And I have been struggling to figure out why it has been impossible for me to get back on the career train. [To be clear: this is the first time I am publicly acknowledging some deeply held opinions about previous employers.] I have been thinking about this for the past decade—all the while applying for jobs in the non-profit and higher education sectors in Providence, RI. That is to say that the question of my employability is not a new one for me. But this summer, it reached a new sense of urgency. When my unemployment benefits were unexpectedly cut-off in the first week of June, I immediately went on Medicaid and food stamps and moved in with my mother. I won my appeal with the Rhode Island Department of Labor and now I am significantly less stressed since I have a few months left of unemployment benefits. I have been busy this summer and not just with worrying. I have applied to 140 jobs, ranging from dog-walker to board secretary at the Johns Hopkins University School of Medicine. I can actually do, and am qualified for, every position for which I have applied. I am not exaggerating the numbers either: I have kept excellent and updated records in a spreadsheet.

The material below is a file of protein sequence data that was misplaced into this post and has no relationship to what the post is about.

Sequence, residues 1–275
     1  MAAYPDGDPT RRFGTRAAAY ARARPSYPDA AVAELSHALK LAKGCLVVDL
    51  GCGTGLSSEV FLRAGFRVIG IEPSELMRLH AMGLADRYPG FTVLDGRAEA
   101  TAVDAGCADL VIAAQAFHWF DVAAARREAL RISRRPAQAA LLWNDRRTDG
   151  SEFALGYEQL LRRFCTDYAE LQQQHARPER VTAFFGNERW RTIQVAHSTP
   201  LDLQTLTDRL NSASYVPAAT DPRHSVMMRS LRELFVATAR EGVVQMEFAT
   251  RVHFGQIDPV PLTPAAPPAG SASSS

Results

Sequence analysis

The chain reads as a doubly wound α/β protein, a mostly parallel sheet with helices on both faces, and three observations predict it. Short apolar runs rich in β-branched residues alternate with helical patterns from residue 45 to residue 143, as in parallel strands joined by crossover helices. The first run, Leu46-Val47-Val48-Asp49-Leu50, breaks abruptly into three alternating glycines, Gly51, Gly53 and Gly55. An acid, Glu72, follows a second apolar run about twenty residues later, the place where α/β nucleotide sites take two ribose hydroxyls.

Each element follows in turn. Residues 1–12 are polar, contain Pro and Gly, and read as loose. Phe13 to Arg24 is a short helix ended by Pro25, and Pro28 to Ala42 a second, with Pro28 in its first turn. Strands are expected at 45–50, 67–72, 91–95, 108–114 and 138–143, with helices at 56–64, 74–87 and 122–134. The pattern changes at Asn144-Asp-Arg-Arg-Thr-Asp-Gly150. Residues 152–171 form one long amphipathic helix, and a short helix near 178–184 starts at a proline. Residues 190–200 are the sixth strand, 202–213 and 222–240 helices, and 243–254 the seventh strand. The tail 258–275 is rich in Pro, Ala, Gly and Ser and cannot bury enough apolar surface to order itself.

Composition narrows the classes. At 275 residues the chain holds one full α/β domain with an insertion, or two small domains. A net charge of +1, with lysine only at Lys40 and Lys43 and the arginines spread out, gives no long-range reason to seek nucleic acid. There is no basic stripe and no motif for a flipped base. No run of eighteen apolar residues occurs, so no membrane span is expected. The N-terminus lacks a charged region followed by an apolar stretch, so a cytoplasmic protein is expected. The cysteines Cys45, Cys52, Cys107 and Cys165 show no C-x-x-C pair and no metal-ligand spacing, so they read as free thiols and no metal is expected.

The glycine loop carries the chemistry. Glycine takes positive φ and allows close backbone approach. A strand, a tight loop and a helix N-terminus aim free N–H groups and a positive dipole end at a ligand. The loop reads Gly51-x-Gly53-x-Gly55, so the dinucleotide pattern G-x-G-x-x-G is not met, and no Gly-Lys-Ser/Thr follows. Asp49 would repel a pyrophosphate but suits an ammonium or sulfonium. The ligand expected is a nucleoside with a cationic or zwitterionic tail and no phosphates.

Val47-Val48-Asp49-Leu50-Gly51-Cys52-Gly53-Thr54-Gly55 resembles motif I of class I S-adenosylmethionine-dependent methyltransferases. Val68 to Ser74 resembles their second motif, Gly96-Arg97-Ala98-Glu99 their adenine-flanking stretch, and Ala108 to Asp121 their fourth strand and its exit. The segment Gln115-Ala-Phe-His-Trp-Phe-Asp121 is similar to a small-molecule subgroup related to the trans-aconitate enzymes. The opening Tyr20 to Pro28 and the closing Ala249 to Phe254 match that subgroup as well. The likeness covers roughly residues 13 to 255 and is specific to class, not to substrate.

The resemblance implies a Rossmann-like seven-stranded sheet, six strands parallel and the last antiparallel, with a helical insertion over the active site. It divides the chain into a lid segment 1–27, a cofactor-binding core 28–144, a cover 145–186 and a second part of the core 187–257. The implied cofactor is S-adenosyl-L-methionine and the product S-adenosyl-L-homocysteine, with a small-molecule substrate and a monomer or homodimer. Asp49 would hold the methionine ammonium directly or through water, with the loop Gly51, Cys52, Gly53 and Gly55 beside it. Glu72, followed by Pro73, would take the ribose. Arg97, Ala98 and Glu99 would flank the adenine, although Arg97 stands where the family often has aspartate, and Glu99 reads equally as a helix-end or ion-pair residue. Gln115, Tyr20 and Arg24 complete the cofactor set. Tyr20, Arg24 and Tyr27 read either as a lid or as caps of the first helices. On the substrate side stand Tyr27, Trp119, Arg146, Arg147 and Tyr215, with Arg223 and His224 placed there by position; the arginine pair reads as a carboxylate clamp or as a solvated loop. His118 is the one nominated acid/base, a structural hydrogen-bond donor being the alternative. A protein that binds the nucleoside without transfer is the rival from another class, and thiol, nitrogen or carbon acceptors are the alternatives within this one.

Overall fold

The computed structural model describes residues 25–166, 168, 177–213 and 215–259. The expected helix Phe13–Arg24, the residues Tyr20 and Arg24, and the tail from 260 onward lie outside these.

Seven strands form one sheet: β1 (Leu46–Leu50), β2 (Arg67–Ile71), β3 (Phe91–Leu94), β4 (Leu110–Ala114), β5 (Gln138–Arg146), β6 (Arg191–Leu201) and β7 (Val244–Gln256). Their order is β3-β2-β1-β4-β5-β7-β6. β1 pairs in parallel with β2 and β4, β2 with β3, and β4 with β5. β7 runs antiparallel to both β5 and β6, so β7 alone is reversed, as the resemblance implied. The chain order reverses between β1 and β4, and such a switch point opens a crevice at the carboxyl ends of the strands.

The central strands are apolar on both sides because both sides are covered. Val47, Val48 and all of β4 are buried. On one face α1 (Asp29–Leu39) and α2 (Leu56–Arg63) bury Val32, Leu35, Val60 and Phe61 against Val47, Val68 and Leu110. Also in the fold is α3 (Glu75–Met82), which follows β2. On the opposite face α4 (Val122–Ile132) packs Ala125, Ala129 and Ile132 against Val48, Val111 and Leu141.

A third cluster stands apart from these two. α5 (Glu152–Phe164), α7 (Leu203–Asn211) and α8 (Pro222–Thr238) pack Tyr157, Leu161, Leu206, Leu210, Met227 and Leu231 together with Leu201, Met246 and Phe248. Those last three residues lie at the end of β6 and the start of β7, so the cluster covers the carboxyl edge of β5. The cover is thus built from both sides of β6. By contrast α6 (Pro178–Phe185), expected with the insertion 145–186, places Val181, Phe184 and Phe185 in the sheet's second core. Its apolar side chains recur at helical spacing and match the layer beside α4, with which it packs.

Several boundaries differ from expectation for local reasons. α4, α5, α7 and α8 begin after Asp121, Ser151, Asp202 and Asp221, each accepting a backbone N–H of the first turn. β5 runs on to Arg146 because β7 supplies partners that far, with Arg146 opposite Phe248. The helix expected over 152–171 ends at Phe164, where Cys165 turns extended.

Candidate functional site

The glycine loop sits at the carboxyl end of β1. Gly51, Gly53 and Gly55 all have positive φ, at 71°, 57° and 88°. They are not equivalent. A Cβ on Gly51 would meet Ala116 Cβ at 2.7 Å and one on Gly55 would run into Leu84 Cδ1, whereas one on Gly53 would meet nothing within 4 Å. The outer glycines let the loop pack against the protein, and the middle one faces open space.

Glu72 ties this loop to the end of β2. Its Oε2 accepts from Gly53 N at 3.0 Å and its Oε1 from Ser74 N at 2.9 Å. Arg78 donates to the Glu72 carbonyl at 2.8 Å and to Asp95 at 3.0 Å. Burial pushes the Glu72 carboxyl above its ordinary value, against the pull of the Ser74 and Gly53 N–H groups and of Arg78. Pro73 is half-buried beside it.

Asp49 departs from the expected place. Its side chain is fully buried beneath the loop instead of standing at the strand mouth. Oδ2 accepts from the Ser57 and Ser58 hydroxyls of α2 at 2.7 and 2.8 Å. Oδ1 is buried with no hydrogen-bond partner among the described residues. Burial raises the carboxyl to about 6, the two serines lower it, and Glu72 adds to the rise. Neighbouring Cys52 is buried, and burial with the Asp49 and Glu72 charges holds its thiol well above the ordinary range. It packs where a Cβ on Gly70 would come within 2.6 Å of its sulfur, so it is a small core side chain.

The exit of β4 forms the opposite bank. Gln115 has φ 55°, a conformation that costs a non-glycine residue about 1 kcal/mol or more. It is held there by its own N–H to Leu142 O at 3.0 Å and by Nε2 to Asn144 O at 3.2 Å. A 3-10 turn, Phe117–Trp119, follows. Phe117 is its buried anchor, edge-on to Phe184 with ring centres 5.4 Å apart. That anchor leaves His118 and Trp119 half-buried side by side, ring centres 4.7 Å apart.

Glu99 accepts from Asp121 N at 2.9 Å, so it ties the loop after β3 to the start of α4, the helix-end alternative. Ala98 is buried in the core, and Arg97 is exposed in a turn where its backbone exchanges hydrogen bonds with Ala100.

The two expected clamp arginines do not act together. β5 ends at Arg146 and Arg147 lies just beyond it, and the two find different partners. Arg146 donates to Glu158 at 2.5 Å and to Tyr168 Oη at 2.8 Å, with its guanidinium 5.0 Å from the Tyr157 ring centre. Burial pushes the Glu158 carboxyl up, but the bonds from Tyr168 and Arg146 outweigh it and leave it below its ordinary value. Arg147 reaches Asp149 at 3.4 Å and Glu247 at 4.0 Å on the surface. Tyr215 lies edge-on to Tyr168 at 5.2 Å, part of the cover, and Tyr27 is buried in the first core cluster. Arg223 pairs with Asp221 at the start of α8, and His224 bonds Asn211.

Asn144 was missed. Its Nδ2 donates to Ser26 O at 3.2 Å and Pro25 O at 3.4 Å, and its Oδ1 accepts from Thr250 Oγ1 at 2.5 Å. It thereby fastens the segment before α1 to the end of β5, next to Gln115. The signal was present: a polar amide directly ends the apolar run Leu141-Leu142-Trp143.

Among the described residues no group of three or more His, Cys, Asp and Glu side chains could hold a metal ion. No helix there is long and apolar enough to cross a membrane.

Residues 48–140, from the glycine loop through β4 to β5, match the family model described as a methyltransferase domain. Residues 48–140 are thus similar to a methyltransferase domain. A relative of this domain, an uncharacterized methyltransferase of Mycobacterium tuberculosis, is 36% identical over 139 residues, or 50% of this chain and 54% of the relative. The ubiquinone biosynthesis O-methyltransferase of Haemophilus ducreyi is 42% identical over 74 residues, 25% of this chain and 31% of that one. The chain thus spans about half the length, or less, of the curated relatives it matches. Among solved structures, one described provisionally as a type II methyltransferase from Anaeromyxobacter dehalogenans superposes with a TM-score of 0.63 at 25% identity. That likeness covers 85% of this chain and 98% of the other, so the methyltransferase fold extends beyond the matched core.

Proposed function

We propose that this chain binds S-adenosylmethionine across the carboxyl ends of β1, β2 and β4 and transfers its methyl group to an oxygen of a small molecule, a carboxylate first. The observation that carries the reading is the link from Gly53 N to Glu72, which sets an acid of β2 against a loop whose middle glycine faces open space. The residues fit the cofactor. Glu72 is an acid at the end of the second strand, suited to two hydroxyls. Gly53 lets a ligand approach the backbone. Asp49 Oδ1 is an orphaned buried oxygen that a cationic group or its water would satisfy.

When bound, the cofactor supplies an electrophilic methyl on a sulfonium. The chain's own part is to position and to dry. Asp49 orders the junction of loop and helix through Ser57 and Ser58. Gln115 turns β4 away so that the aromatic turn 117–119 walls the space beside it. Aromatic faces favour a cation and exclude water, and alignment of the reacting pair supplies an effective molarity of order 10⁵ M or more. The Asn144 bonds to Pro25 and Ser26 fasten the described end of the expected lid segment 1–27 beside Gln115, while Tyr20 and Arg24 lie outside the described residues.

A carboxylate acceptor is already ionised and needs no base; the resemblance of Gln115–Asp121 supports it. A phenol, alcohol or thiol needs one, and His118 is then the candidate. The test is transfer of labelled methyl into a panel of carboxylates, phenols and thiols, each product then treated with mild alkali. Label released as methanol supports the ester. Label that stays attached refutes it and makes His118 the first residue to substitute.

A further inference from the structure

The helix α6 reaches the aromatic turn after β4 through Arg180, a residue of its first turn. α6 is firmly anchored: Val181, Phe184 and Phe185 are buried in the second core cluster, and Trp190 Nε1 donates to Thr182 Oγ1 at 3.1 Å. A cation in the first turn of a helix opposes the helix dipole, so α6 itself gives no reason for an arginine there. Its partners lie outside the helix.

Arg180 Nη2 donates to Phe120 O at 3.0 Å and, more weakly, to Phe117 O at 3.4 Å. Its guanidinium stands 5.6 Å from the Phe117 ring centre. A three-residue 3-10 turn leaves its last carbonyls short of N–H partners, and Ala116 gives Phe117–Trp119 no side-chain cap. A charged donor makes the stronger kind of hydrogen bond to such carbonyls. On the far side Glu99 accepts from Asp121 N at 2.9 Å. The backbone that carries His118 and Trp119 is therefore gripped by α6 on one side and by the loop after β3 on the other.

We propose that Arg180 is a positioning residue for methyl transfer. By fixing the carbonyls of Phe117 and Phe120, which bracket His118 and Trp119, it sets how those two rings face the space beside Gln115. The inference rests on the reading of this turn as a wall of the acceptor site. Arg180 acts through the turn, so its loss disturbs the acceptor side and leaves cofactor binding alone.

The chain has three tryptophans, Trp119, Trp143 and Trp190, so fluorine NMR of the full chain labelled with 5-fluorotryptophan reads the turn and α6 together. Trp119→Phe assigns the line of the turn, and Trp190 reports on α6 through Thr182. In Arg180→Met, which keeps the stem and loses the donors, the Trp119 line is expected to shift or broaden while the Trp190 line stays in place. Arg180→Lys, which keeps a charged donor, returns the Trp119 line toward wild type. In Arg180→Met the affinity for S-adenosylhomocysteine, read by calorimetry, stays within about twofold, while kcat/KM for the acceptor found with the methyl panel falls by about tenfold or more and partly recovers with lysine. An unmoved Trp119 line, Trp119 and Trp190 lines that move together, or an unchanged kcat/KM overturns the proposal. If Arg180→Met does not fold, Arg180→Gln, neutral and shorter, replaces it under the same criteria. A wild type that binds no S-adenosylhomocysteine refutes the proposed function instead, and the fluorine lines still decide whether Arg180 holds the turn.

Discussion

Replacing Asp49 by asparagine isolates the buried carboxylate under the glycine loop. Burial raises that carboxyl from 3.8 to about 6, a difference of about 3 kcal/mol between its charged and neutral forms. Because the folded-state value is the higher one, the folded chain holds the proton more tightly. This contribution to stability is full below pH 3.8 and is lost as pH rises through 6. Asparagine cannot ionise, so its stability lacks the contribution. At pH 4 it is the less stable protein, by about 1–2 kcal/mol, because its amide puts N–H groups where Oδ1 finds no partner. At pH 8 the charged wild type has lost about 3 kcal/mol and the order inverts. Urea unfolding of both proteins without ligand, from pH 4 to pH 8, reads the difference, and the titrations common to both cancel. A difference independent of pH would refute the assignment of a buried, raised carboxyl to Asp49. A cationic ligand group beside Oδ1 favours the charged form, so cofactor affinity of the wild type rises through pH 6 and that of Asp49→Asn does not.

The fruit of my labors have been face-to-face interviews at the Apple Store in the Mall, a wine bar in downtown Annapolis, and a Doubletree Inn near another Mall; a synchronous video interview for a full-time assistant professor position at a dubious for-profit college for which I would have been starting in less than a week; two asynchronous video interviews; numerous boilerplate rejection emails from Johns Hopkins; and the uncovering of two employment scams that have left me SMH.